Like Portland, Oregon, Chico, California is also known as the Rose City. Chico lies about twenty miles east of the I-5 and is a cultural, educational, and economic center of northern Sacramento Valley. On our Northern California beer road excursion, we viewed Chico as a must visit. This, undoubtedly is due to the presence of the area’s number one manufacturing employer, Sierra Nevada Brewing Company. Sierra Nevada employs around 325 people and for some time was the second largest production craft brewery in the United States behind Boston Beer Company. Since Widmer and Redhook‘s recent merger it is believed that Sierra Nevada is a close third in these rankings as well as the tenth largest brewery overall in the country.
The brewery started as a dream of homebrewer and chemistry and physics student Ken Grossman. Grossman began homebrewing in the mid-1970s and opened a small homebrew shop in Chico before starting the brewery in small five-gallon batches. He and co-founder Paul Camusi eventually put together a hodgepodge of used brewing gear along with dairy and soda equipment to, in 1980, produce the first batch of Sierra Nevada’s signature Pale Ale. After purchasing their first 100 barrel copper brew kettle from Germany, the brewery beefed up supply again in 1997 to meet demand. Commissioning the original coppersmith to make new kettles for Sierra Nevada, the brewery upped its capacity to almost 800,000 barrels per year. Further, the brewery now has a large taproom and restaurant as well as a heated out door patio area, and a venue for live music. Today the Pale Ale is the second most consumed craft beer in the United States behind Samuel Adams Boston Lager.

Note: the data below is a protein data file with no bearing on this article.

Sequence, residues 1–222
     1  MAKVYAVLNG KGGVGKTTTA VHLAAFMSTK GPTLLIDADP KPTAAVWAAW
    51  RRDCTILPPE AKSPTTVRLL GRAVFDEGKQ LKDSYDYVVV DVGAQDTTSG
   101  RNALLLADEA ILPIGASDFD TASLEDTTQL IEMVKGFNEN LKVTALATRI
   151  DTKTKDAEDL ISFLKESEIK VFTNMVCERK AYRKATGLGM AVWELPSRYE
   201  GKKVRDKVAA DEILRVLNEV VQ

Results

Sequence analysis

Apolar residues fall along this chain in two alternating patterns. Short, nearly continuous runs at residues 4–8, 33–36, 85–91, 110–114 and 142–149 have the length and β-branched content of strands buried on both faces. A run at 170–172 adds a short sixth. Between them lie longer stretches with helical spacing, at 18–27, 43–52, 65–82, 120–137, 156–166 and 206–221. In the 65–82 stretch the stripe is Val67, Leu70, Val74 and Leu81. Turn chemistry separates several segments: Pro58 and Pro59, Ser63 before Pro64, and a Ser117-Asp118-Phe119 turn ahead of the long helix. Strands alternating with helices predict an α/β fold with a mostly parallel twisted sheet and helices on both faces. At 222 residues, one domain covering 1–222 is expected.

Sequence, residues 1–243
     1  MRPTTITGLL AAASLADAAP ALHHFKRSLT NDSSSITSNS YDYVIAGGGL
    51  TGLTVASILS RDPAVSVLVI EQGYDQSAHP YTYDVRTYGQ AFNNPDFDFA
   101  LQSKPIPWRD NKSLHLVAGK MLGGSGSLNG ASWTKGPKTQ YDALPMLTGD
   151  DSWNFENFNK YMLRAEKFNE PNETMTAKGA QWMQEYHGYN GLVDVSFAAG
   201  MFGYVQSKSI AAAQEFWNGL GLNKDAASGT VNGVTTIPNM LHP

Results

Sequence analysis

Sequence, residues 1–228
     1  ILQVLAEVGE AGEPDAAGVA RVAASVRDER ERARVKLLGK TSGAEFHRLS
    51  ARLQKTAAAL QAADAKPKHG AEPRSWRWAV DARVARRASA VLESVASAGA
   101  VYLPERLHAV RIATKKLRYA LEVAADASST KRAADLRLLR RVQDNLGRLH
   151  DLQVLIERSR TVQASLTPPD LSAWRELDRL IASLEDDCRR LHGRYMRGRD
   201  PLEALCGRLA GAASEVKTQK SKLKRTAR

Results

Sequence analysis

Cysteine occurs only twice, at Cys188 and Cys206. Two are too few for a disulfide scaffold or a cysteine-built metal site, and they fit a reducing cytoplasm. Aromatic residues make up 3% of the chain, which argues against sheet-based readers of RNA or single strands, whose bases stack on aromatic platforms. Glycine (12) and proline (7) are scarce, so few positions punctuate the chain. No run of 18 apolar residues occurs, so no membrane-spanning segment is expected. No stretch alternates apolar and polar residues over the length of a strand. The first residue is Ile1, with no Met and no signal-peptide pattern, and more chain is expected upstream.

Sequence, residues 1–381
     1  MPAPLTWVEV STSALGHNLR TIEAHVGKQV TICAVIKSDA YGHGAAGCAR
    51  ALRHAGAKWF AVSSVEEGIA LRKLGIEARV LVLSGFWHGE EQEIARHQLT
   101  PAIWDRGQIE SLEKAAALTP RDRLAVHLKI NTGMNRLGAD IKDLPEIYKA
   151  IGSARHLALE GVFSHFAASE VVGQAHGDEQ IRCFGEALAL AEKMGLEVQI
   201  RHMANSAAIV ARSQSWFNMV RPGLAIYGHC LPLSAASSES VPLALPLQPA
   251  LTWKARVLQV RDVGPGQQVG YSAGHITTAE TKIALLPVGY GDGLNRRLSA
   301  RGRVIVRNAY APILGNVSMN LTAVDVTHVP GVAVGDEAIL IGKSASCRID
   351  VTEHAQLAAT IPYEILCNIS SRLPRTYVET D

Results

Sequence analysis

In 2005, Sierra Nevada received California’s top environmental honor for sustainable practice regarding both waste reduction and recycling. According to the company’s website “In November 2005, the brewery installed a CO 2 gas recovery plant to recover, clean, compress, liquefy, and place the gas into its 50-ton CO 2 storage vessel for reuse. SNBC also installed a $3 million wastewater treatment plant on site. Additionally, the company has reduced landfill and liquid discharges by recycling: 35.5 million pounds of grain; 512,000 pounds of hops; 11,025,000 pounds of yeast; and 800,000 pounds of glass, cardboard, office paper, and other materials.ounds of yeast; and 800,000 pounds of glass, cardboard, office paper, and other materials.” In 2007, Sierra Nevada commissioned one of the nation’s largest private solar power installations. Completed in 2008, and covering a large parking lot area and most of the brewery’s roof, the company says “When completed in 2008, the solar project will produce over 1.4 MW of AC power for the brewery. This—coupled with its existing 1 MW fuel cell plant—will provide for the majority of the brewery’s electrical energy needs with clean power produced on-site. Surplus electrical energy will be available to help supply the overloaded California power grid during peak power usage periods.”
There is so much to be amazed by with Sierra Nevada – the large hop fields adjacent to the brewery, the overall size of the brewery itself, but mostly, the amount of thought and tact that went into constructing something so large. For a brewery of its size, it appears that Sierra Nevada has kept true to their independent roots.